Khalid Hassan began to read. Instantly, the dingy and windowless cement room that had become his home fell away. The torn mat on which he sat seemed to vanish; he was on a stage. His right hand sliced through the air, and he recited for three with as much passion as if he’d filled an auditorium.

It was a poem, one he’d recently written titled “A Long Trip.” His voice grew silky: “She is civilizations; she is ruins. She is you in the mud, she is you in the sea… She is what the writers wrote; she is what the innocents read… She is like the rose falling.”

I visited the 47-year-old Hassan with Concern Worldwide, a non-profit doing compelling and groundbreaking work in northern Lebanon with Syrian refugees. Hassan is grateful to Concern for an innovative program that, he says, “made me feel human again.” Because of this, he agreed to tell his story, though the telling brought him pain.

Two and a half years ago, everything was going right for Hassan, a Syrian of Palestinian origin. After 17 years of renting, he, his wife, and three boys, now aged 18, 17, and 11, had moved into a home he’d built some five miles from downtown Damascus. His clothing shop was thriving. His oldest son was proving to be a gifted student. And after years of writing poetry and short stories, he’d begun a novel, a series of interconnected stories about the refugee experience.

Then the bombs began to fall near his home in Yarmouk Camp. Soon the camp was engulfed in fighting and then besieged. Food and medicine could not enter. Hassan locked his shop, took his family and crossed into Lebanon, telling himself it would be nothing more than a visit to relatives. They’d return home within weeks. Maybe sooner. It was early 2013.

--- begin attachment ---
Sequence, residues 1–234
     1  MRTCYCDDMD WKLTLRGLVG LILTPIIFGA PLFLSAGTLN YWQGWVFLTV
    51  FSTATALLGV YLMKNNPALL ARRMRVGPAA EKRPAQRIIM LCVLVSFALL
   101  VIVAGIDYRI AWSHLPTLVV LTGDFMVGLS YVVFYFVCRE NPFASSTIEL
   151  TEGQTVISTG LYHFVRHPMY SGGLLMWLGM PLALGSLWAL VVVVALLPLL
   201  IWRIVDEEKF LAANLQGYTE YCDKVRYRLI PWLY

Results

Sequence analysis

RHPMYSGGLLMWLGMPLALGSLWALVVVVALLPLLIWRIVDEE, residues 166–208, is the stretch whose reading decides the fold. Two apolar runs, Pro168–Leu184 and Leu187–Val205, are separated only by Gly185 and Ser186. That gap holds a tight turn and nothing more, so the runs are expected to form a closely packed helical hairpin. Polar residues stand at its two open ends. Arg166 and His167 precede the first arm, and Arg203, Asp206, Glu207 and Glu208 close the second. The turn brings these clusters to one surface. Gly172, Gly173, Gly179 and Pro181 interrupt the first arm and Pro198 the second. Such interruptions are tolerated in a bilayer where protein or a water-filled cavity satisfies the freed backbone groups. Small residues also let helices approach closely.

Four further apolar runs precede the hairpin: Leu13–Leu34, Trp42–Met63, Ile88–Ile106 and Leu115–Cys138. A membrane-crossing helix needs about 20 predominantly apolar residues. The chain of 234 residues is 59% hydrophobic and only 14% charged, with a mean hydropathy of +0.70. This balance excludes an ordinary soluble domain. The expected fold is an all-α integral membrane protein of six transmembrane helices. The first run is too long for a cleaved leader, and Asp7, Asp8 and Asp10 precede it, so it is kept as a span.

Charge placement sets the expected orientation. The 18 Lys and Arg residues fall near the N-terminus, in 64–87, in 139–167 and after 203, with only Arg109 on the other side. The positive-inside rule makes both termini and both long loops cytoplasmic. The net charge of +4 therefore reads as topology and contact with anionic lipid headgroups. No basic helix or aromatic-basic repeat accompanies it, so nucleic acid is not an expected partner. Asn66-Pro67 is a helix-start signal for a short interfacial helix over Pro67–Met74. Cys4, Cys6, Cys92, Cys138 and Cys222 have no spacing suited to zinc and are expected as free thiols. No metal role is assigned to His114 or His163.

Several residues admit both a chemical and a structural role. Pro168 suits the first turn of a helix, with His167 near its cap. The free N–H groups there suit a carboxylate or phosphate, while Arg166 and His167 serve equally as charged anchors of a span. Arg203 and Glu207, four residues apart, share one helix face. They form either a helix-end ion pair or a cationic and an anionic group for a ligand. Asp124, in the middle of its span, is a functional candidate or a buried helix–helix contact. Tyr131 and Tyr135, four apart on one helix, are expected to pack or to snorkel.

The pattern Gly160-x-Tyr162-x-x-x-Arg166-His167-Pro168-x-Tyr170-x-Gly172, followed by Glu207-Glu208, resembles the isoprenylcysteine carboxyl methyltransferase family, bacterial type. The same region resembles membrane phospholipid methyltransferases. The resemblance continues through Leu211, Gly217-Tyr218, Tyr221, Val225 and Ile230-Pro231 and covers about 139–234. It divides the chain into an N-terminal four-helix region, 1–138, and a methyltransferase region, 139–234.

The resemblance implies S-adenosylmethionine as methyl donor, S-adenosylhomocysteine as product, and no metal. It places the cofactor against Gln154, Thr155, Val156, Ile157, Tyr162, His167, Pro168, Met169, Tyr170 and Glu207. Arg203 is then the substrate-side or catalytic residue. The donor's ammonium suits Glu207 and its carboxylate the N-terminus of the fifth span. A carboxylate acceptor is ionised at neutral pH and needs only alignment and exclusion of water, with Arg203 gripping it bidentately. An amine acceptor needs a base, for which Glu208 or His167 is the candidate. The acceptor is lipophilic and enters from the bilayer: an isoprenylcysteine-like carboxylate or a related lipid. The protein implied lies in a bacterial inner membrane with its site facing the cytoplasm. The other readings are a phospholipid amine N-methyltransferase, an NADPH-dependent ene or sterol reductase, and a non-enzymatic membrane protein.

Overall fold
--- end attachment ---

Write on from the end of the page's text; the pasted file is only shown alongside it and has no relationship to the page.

As the fighting in Syria spread, reality sunk in. Hassan and his family had become among the almost 4 million Syrian refugees living outside their country. Another 7.6 million have been displaced within Syria’s borders. In all, Syrians who have fled their home account for one-fifth of the world’s total number of displaced people.

For Hassan, a long-term stay across the border raised logistical issues that he, as the head of his family, needed to handle. He began to look for work and housing. Eventually he started to land day jobs as a tile layer. He found free, if shabby, lodging in a Palestinian refugee camp near Tripoli.

He also lost nearly 50 pounds within two months. Besides, his anger and sense of injustice, worthlessness, and hopelessness soared, impacting the fabric of family relations.

“Before this crisis, we had a good, loving family. After we became refugees, we reached a point where we were all miscommunicating,” he said as he served us Turkish coffee and cookies pulled from coffers we knew were near empty. “We became a family in conflict and in trauma—a family, but not a family.”

And he couldn’t even find comfort in his usual way: through writing.